I’m not saying that there won’t be ripples. It will be noticed here and there that something has changed. A once relatively consistent factor or presence is no longer there, and that counts for something.
The loops in which we circulate in as humans cycle on ad infinitum, and each of us is only the most miniscule piece of the puzzle; less than a stitch on the grandiose patchwork quilt of life. The coffee barista might for a moment realize that he or she hasn’t seen you for a while. Perhaps an image of you crosses the mind of a previous neighbor, they wonder whatever happened to so and so? An old school friend recalls a crazy childhood memory in which you played a key role, and for a minute you come to life in their recollections.
But once you are gone, you are physically nowhere around to be found. Just poof! A snap of the fingers and you may never have even existed. The group of horses that trod the same path and tamped down the grass will continue to use this pathway even if one of the horses dies or goes missing. Birds will continue to fly South for the winter. People will get up and go to work and run on their people hamster wheels tomorrow and the next day and the next day, even if you are gone. In a few decades, you will be but a ghostly echo and a retinal image burned into a fraction of someone’s consciousness. In a century or longer you will be all but forgotten.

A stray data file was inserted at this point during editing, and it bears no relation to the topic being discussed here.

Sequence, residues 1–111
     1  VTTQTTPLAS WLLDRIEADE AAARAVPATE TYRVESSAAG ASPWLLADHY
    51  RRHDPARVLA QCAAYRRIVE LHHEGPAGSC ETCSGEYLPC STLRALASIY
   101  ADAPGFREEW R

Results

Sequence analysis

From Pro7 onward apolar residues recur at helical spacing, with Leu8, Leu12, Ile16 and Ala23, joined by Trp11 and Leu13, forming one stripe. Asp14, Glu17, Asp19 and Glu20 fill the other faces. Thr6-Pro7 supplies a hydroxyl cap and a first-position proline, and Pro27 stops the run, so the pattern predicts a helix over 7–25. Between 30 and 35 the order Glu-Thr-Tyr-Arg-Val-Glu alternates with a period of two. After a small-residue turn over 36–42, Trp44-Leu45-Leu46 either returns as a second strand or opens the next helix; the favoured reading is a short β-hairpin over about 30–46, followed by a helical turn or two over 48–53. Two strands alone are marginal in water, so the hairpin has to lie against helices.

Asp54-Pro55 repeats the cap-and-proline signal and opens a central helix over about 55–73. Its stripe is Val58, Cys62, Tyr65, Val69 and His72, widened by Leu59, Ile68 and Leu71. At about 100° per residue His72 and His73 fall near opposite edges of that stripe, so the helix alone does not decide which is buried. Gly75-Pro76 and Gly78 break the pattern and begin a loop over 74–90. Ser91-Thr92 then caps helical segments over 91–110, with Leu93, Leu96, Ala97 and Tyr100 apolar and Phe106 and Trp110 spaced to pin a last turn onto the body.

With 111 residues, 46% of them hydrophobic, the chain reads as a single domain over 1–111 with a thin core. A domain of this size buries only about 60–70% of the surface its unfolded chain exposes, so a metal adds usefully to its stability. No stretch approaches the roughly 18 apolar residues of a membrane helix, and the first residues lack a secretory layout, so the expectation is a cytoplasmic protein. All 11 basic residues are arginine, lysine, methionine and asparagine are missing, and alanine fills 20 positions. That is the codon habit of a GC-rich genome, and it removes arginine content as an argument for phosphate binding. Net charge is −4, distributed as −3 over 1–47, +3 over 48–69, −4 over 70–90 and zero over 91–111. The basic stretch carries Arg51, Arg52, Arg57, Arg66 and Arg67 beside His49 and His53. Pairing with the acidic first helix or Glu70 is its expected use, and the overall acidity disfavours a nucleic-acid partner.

Is this part of the difficulty of life? When we are alive, our existence is a big deal to us. We are the stars of our own movie and every subtlety counts. Every gesture is meaningful and contributes to the creation and reinforcement of the identity that we carry around with us all day every day.
I have become strongly attached and identified with the job that I do. Despite my best efforts to regard my job as “what I do, not who I am,” I recognize that the phrase “I am a teacher” is my external and internal affirmation. Who am I? I am a teacher. Of course, I am also a mother, a wife, a daughter, a friend, and all those other roles and jobs that I assume in life. The danger in working in the field of education is that for myself it was more than just a job. It was my vocation. I believe that it was my calling.